Are your training materials sexist?

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Are your training materials sexist?

I just found out that a big Canadian bank is training all of its employees by a UK company. The UK facilitator gave a free book to all participants called The Chimp Paradox by Steve Peters. The book includes some fairly absurd ideas about how humans think. Worst of all , it is sexist. For example Peters uses chimpanzees  to describe male and female behavior. Here is a quote: “If you think about it, a female  chimpanzee that is highly insecure is the one that is most likely to survive. A confident female chimpanzee is probably not going to make it! It seems reasonable then that female inner Chimps [genetic instincts] are frequently lacking in confidence and wary. They can be quick to become anxious and therefore avoid decision making for fear of getting it wrong.” Argh. I am not sure where Mr Peters got this idea since ALL the science says females (and males) are not born very different at all when it come to intelligence and competence.  Women are most definately not born weak, insecure or poor decision makers (our culture is mostly to blame).  I hope that all your training materials are reviewed for sexism. If not, let me do it. One tip: all training materials should be backed by CURRENT research and not out-dated stereotypes and try not to mention apes when referring to human behavior.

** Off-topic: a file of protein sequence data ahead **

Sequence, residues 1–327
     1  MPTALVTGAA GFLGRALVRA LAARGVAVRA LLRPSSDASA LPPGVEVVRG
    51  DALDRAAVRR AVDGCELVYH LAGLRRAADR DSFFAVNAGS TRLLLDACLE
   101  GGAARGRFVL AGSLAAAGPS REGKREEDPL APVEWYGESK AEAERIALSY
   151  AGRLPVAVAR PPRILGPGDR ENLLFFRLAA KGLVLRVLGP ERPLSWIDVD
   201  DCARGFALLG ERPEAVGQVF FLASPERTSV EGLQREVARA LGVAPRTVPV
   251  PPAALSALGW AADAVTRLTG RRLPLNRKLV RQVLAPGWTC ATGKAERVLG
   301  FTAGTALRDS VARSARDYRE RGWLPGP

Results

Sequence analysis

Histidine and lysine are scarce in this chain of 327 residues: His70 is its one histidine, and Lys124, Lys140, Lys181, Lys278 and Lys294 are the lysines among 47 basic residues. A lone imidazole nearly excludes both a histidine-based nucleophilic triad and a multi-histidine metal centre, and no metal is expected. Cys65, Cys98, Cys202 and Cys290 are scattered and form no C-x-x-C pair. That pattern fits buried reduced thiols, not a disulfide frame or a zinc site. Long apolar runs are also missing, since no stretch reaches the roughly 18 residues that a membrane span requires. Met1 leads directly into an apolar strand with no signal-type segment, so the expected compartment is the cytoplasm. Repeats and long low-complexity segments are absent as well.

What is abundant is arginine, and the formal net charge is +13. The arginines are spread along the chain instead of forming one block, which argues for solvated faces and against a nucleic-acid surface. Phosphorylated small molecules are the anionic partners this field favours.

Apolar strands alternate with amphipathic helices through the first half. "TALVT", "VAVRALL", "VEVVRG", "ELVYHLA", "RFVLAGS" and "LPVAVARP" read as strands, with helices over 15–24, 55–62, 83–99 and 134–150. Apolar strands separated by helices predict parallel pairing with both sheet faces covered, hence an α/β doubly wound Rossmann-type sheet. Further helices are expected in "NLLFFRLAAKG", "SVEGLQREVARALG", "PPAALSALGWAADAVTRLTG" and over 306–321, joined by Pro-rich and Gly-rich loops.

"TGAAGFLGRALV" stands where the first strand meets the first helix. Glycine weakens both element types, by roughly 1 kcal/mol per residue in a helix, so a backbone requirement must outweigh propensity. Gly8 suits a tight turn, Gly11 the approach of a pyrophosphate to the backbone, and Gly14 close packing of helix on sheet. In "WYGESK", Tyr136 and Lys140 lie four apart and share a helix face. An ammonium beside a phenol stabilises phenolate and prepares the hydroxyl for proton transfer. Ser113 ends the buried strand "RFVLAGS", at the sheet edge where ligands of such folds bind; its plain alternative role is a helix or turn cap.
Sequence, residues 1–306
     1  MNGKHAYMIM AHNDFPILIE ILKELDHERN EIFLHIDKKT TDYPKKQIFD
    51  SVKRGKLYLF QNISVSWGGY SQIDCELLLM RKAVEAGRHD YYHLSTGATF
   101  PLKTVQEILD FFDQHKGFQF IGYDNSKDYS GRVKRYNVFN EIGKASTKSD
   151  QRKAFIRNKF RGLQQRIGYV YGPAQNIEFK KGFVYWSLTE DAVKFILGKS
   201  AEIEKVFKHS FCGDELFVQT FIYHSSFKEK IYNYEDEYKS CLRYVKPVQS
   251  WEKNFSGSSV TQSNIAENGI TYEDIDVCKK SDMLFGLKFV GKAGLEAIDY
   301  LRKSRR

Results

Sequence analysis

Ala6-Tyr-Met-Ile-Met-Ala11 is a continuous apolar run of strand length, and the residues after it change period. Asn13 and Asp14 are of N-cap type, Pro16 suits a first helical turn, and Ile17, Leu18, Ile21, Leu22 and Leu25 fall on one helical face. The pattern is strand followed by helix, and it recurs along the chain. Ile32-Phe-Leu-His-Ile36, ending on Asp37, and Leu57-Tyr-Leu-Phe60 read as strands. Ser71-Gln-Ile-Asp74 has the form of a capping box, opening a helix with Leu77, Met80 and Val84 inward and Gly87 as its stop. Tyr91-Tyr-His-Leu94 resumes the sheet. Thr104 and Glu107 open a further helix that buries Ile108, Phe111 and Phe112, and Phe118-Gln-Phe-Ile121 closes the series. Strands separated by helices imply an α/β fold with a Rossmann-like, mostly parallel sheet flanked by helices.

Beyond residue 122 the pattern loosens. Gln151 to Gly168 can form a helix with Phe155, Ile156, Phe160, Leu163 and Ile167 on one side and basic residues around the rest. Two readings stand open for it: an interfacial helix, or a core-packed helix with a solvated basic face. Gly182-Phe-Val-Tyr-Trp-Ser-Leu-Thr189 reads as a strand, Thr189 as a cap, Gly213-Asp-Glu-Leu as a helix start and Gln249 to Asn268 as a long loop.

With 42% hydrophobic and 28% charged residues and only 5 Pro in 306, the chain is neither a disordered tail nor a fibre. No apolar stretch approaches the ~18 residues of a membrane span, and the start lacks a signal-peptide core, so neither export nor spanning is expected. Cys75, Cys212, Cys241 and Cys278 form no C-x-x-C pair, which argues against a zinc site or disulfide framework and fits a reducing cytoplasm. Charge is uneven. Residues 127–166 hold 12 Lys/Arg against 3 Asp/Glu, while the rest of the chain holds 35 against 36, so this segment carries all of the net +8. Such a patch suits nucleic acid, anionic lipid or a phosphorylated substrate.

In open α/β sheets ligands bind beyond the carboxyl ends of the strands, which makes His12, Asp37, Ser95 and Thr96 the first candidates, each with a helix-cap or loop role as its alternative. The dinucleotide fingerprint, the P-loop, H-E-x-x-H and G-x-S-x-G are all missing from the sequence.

By |April 18th, 2018|Categories: Advancing Women, Gender, Women Leaders|Tags: , , , , , , |Comments Off on Are your training materials sexist?

About the Author:

Maureen F. Fitzgerald, PhD is a Gender Diversity Advisor, xLawyer and Author. She consults to corporations and governments on how to advance women and specifically attract, retain and promote women. Maureen is author of twelve books, including Occupy Women, Lean Out and Invite the Bully to Tea. She has a business degree (BComm) from the University of Alberta, a law degree (JD) from the University of Western Ontario, a master’s degree in law (LLM) with distinction from the London School of Economics and a doctorate degree (PhD) from the University of British Columbia.